Doug Richardson bitcoin quickbit

Doug Richardson, of QuickBit, is promoting the use of bitcoins for the purchase of goods and services. (CBC)

A restaurant in Regina has installed the city's first digital currency bank machine, an ATM-like device that offers bitcoins for cash and vice versa.

The bitcoin has been around for several years and has been promoted as a virtual currency for use on the Internet.

The BTM, installed at a Trifon's Pizza in south Regina, allows people to buy or sell bitcoins.

"Bitcoin is getting adopted across the globe," Doug Richardson, from the company behind the machine — QuickBit — told CBC News Thursday.

"It's kind of like a portal between the digital currency world and the cash world," he explained. "This is just the beginning of a change in the way we handle money."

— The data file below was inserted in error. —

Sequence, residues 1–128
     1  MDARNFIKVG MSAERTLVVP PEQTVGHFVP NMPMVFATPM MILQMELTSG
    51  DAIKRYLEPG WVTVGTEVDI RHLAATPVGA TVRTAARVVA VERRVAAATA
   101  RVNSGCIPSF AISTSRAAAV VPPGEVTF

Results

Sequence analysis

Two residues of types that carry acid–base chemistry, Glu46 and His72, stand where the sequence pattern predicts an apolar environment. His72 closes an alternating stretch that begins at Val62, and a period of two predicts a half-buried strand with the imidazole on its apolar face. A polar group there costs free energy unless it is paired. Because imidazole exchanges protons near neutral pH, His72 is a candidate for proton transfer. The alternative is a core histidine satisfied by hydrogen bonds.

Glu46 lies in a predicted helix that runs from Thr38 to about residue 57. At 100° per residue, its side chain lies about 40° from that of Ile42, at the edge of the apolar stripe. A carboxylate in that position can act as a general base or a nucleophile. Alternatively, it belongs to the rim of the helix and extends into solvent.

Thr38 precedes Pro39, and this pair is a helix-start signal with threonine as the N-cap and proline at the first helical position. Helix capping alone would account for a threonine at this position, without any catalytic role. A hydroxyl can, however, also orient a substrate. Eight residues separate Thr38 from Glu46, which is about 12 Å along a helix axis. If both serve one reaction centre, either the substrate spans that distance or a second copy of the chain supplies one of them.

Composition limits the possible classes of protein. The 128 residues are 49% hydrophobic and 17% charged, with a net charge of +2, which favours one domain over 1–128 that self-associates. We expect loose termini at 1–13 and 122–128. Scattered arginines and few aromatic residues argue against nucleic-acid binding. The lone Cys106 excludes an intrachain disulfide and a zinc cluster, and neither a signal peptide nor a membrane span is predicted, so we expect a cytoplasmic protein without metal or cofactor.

The purchasing power of a bitcoin depends on how it is valued, relative to an established currency.

According to recent research, the value of bitcoin has fluctuated dramatically since its inception, from $0.08 US in July 2010 to over $1,200 in November 2013. More recently, it has been trading in the $600 range.

The utility of a bitcoin also depends on whether or not people and businesses will accept a bitcoin as payment for goods or services.

Richardson said one of the goals of QuickBit is show local merchants how to use bitcoin for transactions.

"I think in about 10 years we'll look back and perhaps muse, 'I wonder what we did before we had digital currency?'" he added.